Today's piece is about women who have chosen to have children at a much younger age and what their experiences have been. Thank you to everyone who shared their stories with us, answering some intrusive questions. You know the saying ‘grow some balls’, I think it should actually be ‘develop a vagina’ because it takes real strength and power to bring a child into this world. Men are rendered useless when someone kicks them in where it hurts… so I’ve just never really understood that saying.
I think Mum’s are amazing and a pillar of strength, however those who have children at a much younger have something undeniably strong about them too. You’re just figuring out your own life and you have this whole other human to look after as well. To feed, to wash, teach and love… when you’re in a world trying love yourself as well.
I’m glad to say though not everyone felt judged, majority of you did – but that one person gave me a sense of hope that this social stigma will change one day. In fact someone did tell me the mothers in the playground do not speak to her (she’s 27), except 1 other mother similar to her in age and her son’s best friend’s mother. These are grown adults behaving like this – who are 30+ years old, shunning someone. Like I said, there is hope.
Not all young mothers are alone either, some are doing it on their own, some are married, some co-parent, some are still with father of their child and others have gone onto have other relationships. All are absolutely fine, as long as their child is healthy and happy. My mum had me when she was 23, co-parented with my Dad without financial support from him and then done it completely on her own when I was 13. I had an amazing childhood, I went to theatre school, travelled the whole world and experienced so many things I feel blessed for. So to anyone who reads this and thinks that single mothers can’t do it… they can.
The best part about young motherhood by far was growing with your child, having the energy to run around with them and them becoming your best friend. Although I get sense that some felt like they missed out on their young years, they have no regrets. They have a child that’s shown them an unbreakable bond of love, which can never be taken away. There’s also this misconception that younger mothers couldn’t possibly have planned a baby… Which is not true. I think people just assume that every person who is young and has a child isn’t one mature or two financially secure. A child will make you mature very fast but maturity lands on everyone’s door step at a different age. Financial situations also differ from person to person.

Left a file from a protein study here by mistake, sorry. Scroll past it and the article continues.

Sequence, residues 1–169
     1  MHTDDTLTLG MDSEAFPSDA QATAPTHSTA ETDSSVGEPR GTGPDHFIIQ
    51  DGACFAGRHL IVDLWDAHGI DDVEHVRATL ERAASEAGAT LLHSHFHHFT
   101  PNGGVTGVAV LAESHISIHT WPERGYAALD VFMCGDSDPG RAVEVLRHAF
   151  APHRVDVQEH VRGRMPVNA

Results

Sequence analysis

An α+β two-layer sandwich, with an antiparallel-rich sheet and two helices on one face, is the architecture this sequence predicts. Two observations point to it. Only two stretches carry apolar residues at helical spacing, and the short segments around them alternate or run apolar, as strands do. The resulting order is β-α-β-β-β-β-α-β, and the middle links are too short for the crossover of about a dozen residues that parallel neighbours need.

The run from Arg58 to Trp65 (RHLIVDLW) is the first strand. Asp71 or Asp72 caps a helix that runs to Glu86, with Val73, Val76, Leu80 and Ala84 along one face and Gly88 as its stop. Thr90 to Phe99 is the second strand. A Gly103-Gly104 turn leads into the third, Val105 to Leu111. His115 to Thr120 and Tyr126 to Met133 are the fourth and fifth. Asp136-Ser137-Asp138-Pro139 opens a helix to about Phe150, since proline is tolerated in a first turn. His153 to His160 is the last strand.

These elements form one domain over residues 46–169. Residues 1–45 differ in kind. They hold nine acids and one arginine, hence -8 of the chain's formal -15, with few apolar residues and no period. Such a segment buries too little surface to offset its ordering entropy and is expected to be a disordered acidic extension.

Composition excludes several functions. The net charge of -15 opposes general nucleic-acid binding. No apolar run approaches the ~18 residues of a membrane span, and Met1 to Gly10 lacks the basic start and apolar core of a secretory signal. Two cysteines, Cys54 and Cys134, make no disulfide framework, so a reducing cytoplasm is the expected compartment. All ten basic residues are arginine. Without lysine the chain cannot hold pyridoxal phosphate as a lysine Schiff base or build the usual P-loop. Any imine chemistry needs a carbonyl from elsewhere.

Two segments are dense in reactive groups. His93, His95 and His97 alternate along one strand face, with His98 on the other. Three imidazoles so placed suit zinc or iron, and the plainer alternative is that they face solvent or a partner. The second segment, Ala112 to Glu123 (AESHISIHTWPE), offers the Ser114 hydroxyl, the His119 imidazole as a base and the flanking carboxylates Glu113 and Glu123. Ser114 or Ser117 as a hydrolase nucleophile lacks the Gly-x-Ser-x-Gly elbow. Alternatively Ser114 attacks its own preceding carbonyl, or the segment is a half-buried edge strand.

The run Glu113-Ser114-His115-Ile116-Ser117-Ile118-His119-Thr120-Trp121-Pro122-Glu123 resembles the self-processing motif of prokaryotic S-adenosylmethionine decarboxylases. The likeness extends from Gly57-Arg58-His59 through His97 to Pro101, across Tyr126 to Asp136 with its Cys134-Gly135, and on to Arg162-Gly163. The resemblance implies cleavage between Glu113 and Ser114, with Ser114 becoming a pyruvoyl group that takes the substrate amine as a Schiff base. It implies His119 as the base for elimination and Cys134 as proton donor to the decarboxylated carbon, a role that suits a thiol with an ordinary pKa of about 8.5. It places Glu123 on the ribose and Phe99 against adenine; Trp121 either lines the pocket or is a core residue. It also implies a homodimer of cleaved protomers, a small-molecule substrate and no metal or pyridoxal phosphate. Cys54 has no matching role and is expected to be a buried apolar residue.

Around 30,000 young women die every year from pregnancy or child birth that’s 1 every twenty minutes. 2 women lost 3+ pints of blood, the body only holds 4 pints. One flat lined and thankfully survived, don’t let ‘One Born Every Minute’ fool you. The world is obsessed with image and after having a baby your body will change, imagine having all the pressures of having to look good, look like your friends that haven’t had children and live up to societies expectation of being perfect. It’s just not possible. Everyone who messaged me, said they just ended up not giving to fuck and learned to hold their heads up high no matter how hard it got. That’s superhero business, just without the cape.
Termination was something I asked about too, I always said to myself when I was younger, if I was to ever get pregnant I would not have the child. Which after reading all of these stories, seems like something which is A LOT easier to say than do. When you see a heartbeat on a screen, feel movements in your stomach or just do not believe in terminations at all, you want to bring a life into the world. I’m very pro-choice, I think whether you choose to go full term with a pregnancy or not that is your choice and your choice alone as a woman. Men you may disagree with me on this, but let’s remember it is way easier for you to walk away than it is for a woman. Although there are some amazing single Dad’s out there, so salute to you too.
In 2008 40% of younger mothers suffered with post-natal depression, as opposed to 18% of women between the ages of 23 – 28. Even in 2014 only 3% of the UK had sufficient access to mental healthcare for all new mums. Mental health wasn’t even a thing 10+ years ago, imagine being 17 back then, not knowing why you’re sad and struggling to bond with your child, let alone having sufficient access to help. Although one touched me and said that her child has helped her through the worst time of her life, giving her hope.
The NHS are currently a bit marmite, I think we are very lucky to have them – in the US you would have to pay $8,802 which is around £6,500 - £7,000 to give birth or get the bill after. There were a couple of bad experiences with staff and hospitals but I’m glad to know that even whilst under severe pressure, majority of the doctors and nurses showed a duty of care and importantly respect. Which I think is important, you’re at your most vulnerable point and I know a couple felt really spoken down to, which just should not happen.
Although I do worry that I will suffer with post-natal depression being that I suffer with bouts of depression already, this has definitely opened my eyes WIDE to children and child birth in general. Some of the answers given to me surprised me, which shows that I had prejudices I wasn’t even aware of. I really hope this opens people eyes and takes away judgement. That’s what No Angles November is about. There is so much more information I could write, but blogs are generally supposed to be 600 words and I’ve written over 1000 here. My next goal would be to get some women together and do a mass interview because you’ve all got some amazing and different experiences! Anyways I hope you enjoyed.